This is also powering the growth highway of several electric vehicle companies. Watch out for the likes of Fisker (FSR), Nikola (NKLA), Lordstown (RIDE), Lucid Motors (CCIV) and XL Fleet (XL), among others. SPACs have ensured these capital-heavy firms have ample money to fasten production and revenue.

One-year returns chart of some SPAC EVs in the United States

Data as of March 30, 2021 |  Source: Yahoo Finance

Market capitalization of major listed EV SPACs in the United States

Data as of March 28, 2021 |  Source: Yahoo Finance

However, when compared with EV giant Tesla (TSLA), these companies do have some catching up to do.

Market capitalization of major listed EV SPACs compared with EV giant Tesla

Data as of March 28, 2021 |  Source: Yahoo Finance

SPAC’s got your back

But, Tesla’s mind-boggling growth story (there are four Teslas sold among every five e-vehicles sold in the U.S.) and its sharp rise (the stock returned over 600% last year) has also boosted the prospects for other EVs. This is above the flush-with-liquidity situation that SPACs have brought to the fore for EVs. Here’s a look at few of their projections:


The company aims to cross the $10-billion in revenues within three years of launching its sales and production. It took Google eight years to reach that milestone. And that’s the fastest ever for a U.S. startup so far.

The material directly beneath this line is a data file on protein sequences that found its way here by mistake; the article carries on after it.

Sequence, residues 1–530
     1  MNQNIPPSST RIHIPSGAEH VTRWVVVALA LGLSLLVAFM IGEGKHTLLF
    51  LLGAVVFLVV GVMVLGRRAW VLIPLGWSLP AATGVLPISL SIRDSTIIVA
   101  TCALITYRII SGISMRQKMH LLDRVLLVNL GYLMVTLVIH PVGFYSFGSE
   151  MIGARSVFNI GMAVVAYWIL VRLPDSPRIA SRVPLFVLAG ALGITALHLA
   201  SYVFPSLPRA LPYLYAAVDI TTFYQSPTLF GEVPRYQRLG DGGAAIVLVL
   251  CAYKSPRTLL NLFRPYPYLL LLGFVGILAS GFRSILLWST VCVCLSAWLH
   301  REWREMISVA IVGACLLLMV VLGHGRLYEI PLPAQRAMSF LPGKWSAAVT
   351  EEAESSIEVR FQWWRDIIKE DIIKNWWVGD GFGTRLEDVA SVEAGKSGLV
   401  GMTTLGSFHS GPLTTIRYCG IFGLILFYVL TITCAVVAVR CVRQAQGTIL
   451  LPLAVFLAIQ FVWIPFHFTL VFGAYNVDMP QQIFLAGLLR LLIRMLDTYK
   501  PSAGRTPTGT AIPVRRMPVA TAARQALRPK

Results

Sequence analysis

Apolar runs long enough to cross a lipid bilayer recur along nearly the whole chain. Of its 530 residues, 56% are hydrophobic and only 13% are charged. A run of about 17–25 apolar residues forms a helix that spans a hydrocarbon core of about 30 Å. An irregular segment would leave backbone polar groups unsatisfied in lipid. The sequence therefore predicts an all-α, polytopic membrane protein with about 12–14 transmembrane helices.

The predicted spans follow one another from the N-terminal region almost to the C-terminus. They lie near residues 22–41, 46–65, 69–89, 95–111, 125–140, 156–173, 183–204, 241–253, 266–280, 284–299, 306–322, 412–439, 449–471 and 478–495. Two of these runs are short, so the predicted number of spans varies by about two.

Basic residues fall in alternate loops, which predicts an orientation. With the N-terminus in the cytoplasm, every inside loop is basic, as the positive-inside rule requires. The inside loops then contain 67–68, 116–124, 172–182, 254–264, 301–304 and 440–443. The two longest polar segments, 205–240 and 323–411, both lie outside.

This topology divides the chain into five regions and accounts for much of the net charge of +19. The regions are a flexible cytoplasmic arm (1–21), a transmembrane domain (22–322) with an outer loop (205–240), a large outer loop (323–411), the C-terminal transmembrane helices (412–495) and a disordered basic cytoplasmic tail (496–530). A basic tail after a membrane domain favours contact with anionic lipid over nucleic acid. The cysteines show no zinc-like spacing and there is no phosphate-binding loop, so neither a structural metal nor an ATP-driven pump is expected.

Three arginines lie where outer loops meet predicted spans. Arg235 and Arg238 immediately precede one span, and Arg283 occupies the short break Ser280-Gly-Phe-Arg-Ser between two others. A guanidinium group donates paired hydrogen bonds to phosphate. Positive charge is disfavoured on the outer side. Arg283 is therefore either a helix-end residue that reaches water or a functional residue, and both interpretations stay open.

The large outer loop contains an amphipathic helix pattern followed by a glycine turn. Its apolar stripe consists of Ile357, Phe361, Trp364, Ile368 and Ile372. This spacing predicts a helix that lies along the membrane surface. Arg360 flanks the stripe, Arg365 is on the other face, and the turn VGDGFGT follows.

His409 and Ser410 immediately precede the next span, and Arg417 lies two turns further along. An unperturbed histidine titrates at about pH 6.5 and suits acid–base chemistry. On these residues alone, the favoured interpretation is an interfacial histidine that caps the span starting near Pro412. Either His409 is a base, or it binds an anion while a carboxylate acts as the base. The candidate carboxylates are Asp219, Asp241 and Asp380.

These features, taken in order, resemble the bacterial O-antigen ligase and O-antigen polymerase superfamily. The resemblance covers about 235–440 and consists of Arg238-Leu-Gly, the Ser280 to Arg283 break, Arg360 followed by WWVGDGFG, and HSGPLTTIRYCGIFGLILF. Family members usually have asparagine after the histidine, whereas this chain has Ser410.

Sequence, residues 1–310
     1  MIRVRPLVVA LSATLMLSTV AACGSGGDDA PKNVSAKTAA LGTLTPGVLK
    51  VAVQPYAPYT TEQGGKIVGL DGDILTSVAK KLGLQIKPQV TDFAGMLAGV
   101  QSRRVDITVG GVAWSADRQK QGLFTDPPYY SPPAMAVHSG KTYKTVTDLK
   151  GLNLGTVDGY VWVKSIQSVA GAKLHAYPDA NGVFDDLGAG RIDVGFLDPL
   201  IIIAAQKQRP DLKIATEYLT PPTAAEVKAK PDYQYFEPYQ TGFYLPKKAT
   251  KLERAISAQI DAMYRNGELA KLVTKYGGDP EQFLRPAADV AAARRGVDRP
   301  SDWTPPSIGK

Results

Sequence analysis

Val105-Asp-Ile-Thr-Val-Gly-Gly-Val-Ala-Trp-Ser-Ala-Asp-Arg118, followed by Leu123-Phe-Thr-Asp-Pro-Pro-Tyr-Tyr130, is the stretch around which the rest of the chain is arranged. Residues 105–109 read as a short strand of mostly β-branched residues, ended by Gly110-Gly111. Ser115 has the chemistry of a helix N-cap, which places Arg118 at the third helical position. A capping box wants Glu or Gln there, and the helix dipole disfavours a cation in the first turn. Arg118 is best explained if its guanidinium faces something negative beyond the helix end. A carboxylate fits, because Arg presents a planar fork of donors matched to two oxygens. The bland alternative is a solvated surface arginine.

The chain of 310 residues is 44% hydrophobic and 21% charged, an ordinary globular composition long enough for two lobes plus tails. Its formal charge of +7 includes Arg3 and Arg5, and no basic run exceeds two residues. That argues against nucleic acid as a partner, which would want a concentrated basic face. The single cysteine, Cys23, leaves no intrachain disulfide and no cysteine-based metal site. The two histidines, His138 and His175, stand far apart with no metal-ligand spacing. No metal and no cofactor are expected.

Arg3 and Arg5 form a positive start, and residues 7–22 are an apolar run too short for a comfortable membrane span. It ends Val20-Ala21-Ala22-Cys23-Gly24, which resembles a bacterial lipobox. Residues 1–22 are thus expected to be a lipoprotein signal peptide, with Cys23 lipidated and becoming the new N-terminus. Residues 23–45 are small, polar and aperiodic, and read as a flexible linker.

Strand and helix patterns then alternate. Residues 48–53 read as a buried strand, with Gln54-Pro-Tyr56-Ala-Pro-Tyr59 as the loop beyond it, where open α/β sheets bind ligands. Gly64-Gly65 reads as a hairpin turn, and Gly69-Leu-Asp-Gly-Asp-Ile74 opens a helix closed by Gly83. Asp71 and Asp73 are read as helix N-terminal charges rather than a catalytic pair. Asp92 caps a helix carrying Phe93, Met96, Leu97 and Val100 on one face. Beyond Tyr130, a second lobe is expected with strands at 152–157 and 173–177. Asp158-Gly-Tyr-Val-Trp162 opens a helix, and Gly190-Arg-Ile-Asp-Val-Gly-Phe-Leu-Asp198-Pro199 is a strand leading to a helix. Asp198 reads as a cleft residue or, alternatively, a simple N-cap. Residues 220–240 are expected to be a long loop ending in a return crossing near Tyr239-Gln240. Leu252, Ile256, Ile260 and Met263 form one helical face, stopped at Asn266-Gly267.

Lucid Motors

Having launched its first car this year, it targets clocking sales of $22 billion by 2026. The company had merged with Churchill Capital Corp IV (CCIV) recently.

Lordstown Motors

Its early-2021 announcement of more than 100,000 reservations for its Endurance electric pickup was a big boost. It is aiming to start production by September.


It is targeting roll out of its first vehicles this year, on top of making significant progress in hydrogen fuel infrastructure.

Sudden brakes?

However, the ride can be bumpy for some of these companies.

  • Performance check: Some investors are worried about the actual performance and deliverables of the company against its lofty-valued stock price.
  • The long and the ‘short’ of itIncreased instances of short-seller reports by major institutions pose a threat to the stock in the immediate future.
  • Chips are down: There’s a growing shortage of semiconductors globally, forcing companies to shut down production and delay rollouts. EVs, which heavily depend on chips, are likely to face some challenges too.

Plug and play?

EVs have grabbed the limelight and the onus is on them to boost production and sales to keep up with its popularity. While some companies may take months or years to roll out products and meet their ambitious revenue targets, investors are upbeat about the sector in the long term – governments are pushing for clean energy and transportation as well as widening electric infrastructure, among others. What’s more? Citizens and companies alike are being incentivized to switch to cleaner fuel sources and vehicles, which is likely to boost sales and, possibly, the shares of such firms ahead.

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